Most solo advisory firms don’t split their own income into the components of salary for work in the business and income for profits of the business. Nonetheless, their take-home income does contain an element of both. Which becomes very noticeable once the roles split, and a second/third/fourth advisor receives the “financial planner salary” portion of the income while the founder receives ‘only’ the profits.
The end result of this phenomenon is that as the advisory firm grows, so too does the time it takes to manage an ever-growing number of team members. Especially since as the number of team members who must be managed increases, the advisor often still has to service their own clients as well, leading to a double-squeeze in managing more clients plus more staff at the same time. In fact, our Kitces Research on Financial Planning Process shows that the number of hours that financial advisors work rises almost inexorably as revenue rises as well.
This ongoing squeeze in time between client duties and management duties, in turn, often leads advisory firm owners to scale back on the number of clients they’re serving in order to free up more time for team management. Which can help grow the firm to the next level. But which also means the founding advisor is spending less and less time serving clients… the one thing that they most wanted to do when they started the firm!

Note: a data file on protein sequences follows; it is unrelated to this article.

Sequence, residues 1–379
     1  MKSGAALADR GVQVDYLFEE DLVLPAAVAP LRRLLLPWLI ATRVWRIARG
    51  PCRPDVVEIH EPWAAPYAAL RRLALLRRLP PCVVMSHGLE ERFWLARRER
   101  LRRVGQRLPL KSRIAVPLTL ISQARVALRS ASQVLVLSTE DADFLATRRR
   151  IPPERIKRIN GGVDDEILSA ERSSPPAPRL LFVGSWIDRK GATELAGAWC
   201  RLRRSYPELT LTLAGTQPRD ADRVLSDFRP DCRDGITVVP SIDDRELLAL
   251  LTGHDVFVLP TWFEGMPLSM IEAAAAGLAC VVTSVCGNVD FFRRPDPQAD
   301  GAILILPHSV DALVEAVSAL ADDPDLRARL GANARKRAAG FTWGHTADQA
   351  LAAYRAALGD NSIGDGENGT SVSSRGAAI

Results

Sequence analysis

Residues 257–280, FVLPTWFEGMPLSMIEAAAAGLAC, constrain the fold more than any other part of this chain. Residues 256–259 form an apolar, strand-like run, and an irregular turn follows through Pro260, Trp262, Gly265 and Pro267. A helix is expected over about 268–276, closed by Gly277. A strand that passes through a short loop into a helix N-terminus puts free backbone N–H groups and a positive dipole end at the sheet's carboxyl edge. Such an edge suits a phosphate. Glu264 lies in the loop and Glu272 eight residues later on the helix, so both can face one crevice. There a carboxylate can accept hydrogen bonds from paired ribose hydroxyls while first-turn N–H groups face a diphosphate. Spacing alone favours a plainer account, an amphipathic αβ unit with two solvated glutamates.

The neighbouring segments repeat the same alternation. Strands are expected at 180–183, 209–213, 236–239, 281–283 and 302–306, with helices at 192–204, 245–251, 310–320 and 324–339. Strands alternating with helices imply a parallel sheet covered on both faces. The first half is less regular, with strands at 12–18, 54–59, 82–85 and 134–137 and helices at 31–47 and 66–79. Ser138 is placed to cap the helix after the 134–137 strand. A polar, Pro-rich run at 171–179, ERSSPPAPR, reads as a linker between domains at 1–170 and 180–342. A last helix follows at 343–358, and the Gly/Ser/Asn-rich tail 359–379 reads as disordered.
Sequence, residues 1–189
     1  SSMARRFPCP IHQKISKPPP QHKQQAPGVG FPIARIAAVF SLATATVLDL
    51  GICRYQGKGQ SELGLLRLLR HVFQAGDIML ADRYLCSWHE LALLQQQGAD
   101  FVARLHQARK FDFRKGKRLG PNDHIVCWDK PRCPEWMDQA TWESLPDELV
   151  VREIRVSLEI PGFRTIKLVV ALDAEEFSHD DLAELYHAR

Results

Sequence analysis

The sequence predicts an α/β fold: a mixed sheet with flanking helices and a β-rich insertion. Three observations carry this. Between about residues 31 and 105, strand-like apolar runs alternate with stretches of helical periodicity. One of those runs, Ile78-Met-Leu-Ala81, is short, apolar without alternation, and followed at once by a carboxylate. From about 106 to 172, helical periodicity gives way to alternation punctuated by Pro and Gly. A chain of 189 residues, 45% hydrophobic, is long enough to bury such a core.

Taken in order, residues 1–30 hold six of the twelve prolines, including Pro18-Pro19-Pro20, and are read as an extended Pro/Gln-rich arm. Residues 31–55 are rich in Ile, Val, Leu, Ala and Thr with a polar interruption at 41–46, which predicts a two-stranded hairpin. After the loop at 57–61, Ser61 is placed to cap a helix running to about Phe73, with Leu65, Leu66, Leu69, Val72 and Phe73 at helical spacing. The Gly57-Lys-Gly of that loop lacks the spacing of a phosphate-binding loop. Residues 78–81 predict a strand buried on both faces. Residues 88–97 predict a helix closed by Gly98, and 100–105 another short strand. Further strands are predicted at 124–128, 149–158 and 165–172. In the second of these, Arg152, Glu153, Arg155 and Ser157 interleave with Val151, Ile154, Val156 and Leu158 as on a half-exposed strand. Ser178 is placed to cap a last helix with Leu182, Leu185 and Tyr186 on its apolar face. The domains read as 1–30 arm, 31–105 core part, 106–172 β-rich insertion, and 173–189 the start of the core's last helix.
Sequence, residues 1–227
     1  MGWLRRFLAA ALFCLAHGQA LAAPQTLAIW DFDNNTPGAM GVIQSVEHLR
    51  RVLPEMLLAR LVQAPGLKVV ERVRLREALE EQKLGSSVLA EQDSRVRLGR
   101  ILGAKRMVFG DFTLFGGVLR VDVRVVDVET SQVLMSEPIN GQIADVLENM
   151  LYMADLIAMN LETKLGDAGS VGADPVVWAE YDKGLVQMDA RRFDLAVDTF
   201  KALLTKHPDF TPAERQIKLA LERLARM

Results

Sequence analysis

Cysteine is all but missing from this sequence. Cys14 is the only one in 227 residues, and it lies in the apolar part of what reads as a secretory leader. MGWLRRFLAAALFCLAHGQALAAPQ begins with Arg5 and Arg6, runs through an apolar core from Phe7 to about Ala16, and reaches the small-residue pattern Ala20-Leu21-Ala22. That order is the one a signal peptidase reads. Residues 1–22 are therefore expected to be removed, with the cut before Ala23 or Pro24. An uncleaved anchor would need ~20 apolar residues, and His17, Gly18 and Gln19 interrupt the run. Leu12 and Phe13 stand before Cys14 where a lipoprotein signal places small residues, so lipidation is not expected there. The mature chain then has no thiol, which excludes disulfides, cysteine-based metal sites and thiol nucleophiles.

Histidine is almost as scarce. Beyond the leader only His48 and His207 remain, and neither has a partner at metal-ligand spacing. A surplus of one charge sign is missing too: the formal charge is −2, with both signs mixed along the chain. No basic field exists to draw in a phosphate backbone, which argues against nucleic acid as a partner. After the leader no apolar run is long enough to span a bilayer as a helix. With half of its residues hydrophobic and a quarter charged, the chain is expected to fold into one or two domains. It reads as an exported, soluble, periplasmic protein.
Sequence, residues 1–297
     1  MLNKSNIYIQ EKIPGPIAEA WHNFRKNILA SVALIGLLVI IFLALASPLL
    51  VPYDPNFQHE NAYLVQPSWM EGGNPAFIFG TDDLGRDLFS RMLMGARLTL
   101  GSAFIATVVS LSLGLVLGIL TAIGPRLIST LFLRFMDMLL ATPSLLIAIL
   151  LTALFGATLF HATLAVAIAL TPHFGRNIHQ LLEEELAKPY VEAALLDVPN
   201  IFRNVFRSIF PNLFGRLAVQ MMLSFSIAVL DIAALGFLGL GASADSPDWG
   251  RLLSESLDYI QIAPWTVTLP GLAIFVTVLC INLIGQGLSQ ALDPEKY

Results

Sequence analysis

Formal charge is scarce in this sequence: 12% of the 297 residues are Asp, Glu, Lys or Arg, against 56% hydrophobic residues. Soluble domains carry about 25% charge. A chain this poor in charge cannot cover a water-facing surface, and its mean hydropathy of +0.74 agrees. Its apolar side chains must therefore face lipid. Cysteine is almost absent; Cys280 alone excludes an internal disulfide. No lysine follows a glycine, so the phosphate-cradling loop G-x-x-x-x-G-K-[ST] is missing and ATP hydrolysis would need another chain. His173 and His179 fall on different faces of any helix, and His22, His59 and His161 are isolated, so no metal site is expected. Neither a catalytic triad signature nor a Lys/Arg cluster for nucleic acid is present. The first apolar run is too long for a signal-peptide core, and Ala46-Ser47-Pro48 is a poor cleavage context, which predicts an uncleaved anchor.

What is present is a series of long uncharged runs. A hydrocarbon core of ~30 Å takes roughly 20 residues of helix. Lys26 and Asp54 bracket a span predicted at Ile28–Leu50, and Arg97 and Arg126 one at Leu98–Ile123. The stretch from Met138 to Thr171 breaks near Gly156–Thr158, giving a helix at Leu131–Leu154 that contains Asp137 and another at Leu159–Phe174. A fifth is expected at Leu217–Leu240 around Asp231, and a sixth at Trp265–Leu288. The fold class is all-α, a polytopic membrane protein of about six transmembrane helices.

All of which helps to explain why the lowest levels of wellbeing emerge at the highest levels of revenue. Because the job the advisors once loved (being a financial advisor) and were probably great at (which is why they were able to build such a large practice) is no longer the job that they do! They no longer manage (many or any) clients, and instead manage staff and business budgets.
And this change in role, the somewhat inevitable result of growing ever-higher revenues, has a negative relationship with wellbeing. The personal gratification gleaned from those close relationships with clients, and even the way financial planners may have been able to structure their day around clients, is now gone, and that is a difficult and often unmotivating, possibly fairly unfulfilling position to be in, especially when the income for doing this work that you do not love does not grow nearly as much for all the additional work being done!